Hope I'm rich before I get old

Most of us know how we'd like to spend our retirement. But are we investing enough now to make it a reality? By Andy Couchman
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Middle age was once described as the time when your narrow waist and broad mind change places. But it is also a time when people have the most disposable income available for financial planning.

When the children have left home, many people are at the peak of their career, their mortgage may be mostly paid off and they have already bought most things in life they are likely to buy. It is a time when it should be possible to relax a little more and enjoy life.

For many, however, the late 40s and 50s are a time when the realisation dawns that their retirement income will fall short of their expectations. Most have simple income needs in retirement - two thirds of final salary and an inflation-linked pension. In practice, job moves, redundancy or early retirement and perhaps falling income towards retirement age may mean a pension somewhat below the level they had hoped for.

Anyone who is self-employed or runs their own business has to fend for themselves in order to get more than the basic State pension. Few realise just how much of their income they have to invest to get the pension they want.

Richard Hunter, of London independent financial advice firm (IFA) Holden Meehan, says: "Everyone thinks they'll be rich at retirement by paying pounds 50 a month into their pension plan." The reality is somewhat different. Richard Hunter advises saving at least 10 per cent of your income if you are under 30, 12 per cent if aged 30-40 and "as much as you can over the age of 40". The Director General of Fair Trading recommended similar figures in his 1997 report on pensions.

Tax and pension expert, Danby Bloch, of Raymond Godfrey & Partners, warns that the OFT's figures are optimistic. In particular, falling annuity rates - the pension you can get from each pounds 100 of savings - mean that a larger fund is now needed to get the same income compared to even a few months ago. Women, too, should save more, as they tend to live longer.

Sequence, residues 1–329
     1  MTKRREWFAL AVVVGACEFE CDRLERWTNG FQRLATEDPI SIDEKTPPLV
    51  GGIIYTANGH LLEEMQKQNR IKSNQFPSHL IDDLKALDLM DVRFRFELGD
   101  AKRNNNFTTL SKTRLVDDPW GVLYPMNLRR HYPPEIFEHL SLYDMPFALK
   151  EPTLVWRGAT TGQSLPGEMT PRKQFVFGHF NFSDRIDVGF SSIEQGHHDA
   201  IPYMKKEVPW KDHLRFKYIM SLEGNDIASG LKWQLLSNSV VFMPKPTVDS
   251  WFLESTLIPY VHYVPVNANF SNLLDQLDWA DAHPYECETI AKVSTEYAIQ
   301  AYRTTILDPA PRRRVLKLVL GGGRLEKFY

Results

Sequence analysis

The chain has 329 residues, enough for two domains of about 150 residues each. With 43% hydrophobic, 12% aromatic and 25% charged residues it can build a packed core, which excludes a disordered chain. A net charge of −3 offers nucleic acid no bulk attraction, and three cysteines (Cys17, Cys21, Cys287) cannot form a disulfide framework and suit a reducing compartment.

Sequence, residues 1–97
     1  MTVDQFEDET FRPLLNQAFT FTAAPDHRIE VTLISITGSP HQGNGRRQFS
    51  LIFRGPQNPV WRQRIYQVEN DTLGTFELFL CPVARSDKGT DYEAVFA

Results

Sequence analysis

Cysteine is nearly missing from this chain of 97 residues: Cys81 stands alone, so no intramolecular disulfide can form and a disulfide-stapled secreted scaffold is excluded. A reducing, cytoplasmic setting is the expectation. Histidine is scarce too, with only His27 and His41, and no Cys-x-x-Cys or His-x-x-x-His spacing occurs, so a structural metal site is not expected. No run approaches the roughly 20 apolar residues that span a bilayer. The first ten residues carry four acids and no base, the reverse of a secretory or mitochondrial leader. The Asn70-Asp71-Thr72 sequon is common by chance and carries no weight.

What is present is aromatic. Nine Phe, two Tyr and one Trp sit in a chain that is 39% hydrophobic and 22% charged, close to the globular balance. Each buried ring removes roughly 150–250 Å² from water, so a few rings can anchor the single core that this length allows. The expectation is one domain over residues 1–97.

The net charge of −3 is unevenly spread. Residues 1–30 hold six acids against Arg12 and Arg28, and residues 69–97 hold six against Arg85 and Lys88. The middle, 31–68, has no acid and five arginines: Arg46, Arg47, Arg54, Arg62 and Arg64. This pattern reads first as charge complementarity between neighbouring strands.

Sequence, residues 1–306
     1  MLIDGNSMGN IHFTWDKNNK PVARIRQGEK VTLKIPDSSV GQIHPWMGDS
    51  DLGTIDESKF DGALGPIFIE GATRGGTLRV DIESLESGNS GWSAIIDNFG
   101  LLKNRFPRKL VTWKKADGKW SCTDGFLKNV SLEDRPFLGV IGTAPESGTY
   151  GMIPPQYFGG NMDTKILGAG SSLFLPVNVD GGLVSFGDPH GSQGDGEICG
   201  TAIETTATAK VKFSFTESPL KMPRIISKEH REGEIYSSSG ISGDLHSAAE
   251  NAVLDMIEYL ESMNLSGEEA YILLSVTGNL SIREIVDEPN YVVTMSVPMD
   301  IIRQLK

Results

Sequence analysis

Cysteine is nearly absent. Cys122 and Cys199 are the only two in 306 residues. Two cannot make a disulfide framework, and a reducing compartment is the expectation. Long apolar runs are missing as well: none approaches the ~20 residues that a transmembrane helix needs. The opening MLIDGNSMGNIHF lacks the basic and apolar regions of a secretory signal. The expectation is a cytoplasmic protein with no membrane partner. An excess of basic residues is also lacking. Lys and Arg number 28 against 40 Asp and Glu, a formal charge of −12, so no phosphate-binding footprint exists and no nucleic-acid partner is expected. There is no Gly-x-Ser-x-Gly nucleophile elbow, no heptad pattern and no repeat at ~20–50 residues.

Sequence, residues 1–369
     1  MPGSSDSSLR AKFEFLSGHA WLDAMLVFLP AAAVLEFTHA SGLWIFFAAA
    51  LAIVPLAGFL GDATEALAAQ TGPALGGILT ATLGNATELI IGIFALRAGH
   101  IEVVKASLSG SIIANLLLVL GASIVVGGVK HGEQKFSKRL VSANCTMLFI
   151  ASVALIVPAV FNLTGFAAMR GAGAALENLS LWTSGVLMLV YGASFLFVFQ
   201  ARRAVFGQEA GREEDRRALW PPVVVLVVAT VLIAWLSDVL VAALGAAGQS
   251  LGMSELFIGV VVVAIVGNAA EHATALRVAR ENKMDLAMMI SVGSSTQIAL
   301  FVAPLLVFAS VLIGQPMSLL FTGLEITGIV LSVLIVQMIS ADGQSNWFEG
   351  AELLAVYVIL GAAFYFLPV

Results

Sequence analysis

But many people now associate personal pensions with mis-selling scandals and high charges. That ignores the big changes that have taken place, suggests Richard Hunter. "Today's pension plans are so much more flexible," he says. "Twenty years ago, if you took a one-year payment holiday you had to repay every missed premium when you started again, and charges were much higher, especially at the start." Now, greater competition has seen most companies reduce their charges and increase flexibility so you can stop, start or change your contributions - but shopping around is still important.

A growing trend until recently, has been pension drawdowns, where a pension plan is cashed-in to buy an annuity a bit at a time, based on the theory that as you get older so the annuity rate, which determines the income you get, will rise also. The problem is that long term interest rates, which determine annuity rates, have fallen sharply. A woman retiring at age 60 can now expect to get an annual income of up to pounds 761 from each pounds 1,000 of her pension fund, compared to pounds 853 at the end of last year, according to Planned Savings, a specialist financial magazine.

Fortunately, saving to have more to spend in retirement is not just limited to pensions, says Len Warwick of Cheltenham-based independent financial advisers Warwick Butchart Associates. He recommends looking at tax-efficient PEPs and Tessas, as well as the new Individual Savings Accounts (ISAs) when they are introduced next year.

"The key is to look at things holistically," he says, "so start by asking yourself what your lifestyle is going to be." Anyone planning an active lifestyle based around holidays, action sports and sailing or golf may need more income than someone who plans to spend their retirement in the garden, for example. The home, too, can be a source of income. "Many people trade down to something smaller when their children have left home, and that can generate the capital to help fund their retirement," says Len Warwick.

Others may want to dabble on the stockmarket. Even so, talking to an IFA can be a valuable way of getting a second opinion, according to Richard Hunter. Today, nervous markets, falling annuity rates and concerns over inflation and recession mean that it is more important than ever to keep your financial planning under review. Getting the income you want in your retirement is a matter of careful planning rather than wishful thinking.

Holden Meehan on 0171-404 6442; Raymond Godfrey & Partners on 0171-251 4916; Warwick Butchart Associates on 01242 584 144; for a list of independent financial advisers near you call IFA Portfolio on 0117 -971 1177

Andy Couchman is publishing editor of `HealthCare Insurance' Report